Leonard A. Grimes

From the Stage:

1855: Leonard Grimes raised $1,300 and travels to Baltimore, Maryland, where he purchases Anthony Burns’s freedom from a slave trader.


Biography

Leonard Andrew Grimes (1815-1873), born to free parents, was a reverend, political organizer, and covert operative for the Underground Railroad. Grimes married Octavia Grimes, and records show they raised four children together: Emma, John, Leonard, and Julia.  The Grimes family lived in Leesburg, Virginia and Washington, D.C. before moving to New Bedford, MA in 1846.1 While in Washington, D.C. secretly working as a conductor of the Underground Railroad, Grimes was captured and given a two-year sentence for aiding a fugitive family to escape.2 In 1848, Grimes joined the Baptist faith through a ministry in Massachusetts.3

Grimes’s most noted accomplishments are attributed to his twenty-five year service to Twelfth Street Baptist Church as pastor of a congregation of mostly fugitive slaves. Twelfth Street Baptist Church was a hub for abolitionist activities and community-building projects. Grimes and his congregation are credited with organizing the emancipation of Anthony Burns, a fugitive slave who had been returned to slavery under the 1850 Fugitive Slave Act. Grimes was also frequently called upon to speak at ceremonies and memorials honoring self-emancipated and revolutionary abolitionists such as John Brown of Harper’s Ferry.4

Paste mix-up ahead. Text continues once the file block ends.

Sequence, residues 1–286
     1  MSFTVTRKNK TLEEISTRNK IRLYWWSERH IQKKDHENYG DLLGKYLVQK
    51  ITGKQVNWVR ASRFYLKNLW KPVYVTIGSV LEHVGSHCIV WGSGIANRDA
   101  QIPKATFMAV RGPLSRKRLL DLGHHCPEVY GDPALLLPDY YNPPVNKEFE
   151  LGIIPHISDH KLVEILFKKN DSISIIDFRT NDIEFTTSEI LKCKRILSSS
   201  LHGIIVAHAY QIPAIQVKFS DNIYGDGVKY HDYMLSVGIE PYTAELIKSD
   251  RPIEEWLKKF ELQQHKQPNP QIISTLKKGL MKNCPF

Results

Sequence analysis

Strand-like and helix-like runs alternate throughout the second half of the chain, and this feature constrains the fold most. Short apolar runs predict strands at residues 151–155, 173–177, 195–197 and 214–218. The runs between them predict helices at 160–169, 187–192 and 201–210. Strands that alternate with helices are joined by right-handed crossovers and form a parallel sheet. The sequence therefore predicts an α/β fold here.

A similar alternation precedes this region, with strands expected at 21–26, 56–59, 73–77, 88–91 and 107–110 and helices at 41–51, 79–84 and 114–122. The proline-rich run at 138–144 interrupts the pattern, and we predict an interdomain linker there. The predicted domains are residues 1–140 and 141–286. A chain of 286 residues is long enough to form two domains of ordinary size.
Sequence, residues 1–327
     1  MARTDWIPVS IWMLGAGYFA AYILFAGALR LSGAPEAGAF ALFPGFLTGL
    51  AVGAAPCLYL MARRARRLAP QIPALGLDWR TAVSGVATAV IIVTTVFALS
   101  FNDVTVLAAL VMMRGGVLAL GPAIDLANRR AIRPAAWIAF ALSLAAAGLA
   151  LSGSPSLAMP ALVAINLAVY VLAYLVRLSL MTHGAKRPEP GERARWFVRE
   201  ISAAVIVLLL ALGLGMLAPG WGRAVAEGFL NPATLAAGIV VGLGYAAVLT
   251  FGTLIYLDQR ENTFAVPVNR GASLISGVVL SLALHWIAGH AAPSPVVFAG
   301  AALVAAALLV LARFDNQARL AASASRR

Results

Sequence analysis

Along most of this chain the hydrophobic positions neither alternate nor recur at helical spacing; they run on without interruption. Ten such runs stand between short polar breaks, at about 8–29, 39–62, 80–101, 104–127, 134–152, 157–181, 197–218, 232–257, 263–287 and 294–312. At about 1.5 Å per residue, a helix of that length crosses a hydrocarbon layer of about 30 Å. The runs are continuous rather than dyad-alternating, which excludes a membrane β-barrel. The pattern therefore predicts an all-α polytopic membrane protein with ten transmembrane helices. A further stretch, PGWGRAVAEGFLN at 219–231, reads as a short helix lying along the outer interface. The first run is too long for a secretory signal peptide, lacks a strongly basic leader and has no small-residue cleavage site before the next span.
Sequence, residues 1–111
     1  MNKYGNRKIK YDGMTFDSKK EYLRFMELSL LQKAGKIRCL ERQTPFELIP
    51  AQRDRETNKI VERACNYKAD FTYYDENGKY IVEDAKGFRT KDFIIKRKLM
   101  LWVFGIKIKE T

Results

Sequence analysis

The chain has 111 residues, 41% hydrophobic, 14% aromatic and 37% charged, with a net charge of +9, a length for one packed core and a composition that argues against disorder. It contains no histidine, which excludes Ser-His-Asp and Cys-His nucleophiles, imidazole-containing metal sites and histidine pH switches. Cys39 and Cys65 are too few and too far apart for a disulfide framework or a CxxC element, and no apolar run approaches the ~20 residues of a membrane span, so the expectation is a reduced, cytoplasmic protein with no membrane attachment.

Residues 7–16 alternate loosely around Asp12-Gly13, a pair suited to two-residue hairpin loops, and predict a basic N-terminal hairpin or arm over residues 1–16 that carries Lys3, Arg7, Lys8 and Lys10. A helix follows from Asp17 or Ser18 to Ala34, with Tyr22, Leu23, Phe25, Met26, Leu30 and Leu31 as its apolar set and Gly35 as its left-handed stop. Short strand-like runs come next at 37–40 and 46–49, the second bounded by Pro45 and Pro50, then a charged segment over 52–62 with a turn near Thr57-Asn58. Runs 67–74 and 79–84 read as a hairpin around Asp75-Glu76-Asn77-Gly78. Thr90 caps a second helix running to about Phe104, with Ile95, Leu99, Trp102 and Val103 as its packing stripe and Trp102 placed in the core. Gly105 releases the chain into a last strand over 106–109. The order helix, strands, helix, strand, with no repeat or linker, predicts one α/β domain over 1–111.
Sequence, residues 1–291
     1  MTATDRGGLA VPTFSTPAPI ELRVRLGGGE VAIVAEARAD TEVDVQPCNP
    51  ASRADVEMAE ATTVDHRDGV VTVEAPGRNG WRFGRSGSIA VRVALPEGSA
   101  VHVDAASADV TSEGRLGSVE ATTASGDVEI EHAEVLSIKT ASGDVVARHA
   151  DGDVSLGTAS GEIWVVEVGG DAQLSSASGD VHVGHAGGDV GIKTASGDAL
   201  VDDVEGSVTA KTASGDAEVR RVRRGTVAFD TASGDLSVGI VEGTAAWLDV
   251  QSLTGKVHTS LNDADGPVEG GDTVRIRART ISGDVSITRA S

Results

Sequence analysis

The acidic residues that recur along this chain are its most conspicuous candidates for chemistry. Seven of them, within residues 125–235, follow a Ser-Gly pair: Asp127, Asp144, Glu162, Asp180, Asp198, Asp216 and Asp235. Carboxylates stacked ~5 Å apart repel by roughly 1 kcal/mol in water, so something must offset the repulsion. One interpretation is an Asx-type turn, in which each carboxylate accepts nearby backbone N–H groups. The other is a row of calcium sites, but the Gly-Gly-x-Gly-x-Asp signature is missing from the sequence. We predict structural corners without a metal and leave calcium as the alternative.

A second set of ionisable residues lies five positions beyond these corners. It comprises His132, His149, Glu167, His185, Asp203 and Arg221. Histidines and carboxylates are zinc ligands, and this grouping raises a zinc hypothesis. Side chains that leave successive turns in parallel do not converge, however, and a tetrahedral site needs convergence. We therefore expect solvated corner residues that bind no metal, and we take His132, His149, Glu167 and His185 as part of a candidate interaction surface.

Grimes was a well-respected clergyman in free Black communities in the northeast. In 1853 Grimes represented Massachusetts delegate at the 1853 National Colored Convention in Rochester. He again represented the state at the 1855 Philadelphia National Convention. In 1854, Grimes act as a board member of the first Bostonian state council purposed with holding auxiliary planning and organizational meetings for larger national Colored Conventions. In this role, Grimes advocated fundraising activities in order to build schools for Black children. He also supported the drafting of a council constitution and various opportunities for Black people in California to Australia to engage “the enterprising spirit of…colored Americans”.5 Grimes organized and presided over the 1863 New England Anti Slavery Convention.6 In addition to this political work, Grimes participated in the Contraband Relief Association and helped to provide money, food, and clothing for the organization along with other prominent churches such as Israel African Methodist Episcopal Church of Washington, D.C. and the Siloam Presbyterian Church of Brooklyn.7

Credits

Submitted by Sarah Patterson English 634, Spring 2013, Taught by Professor P. Gabrielle Foreman, University of Delaware.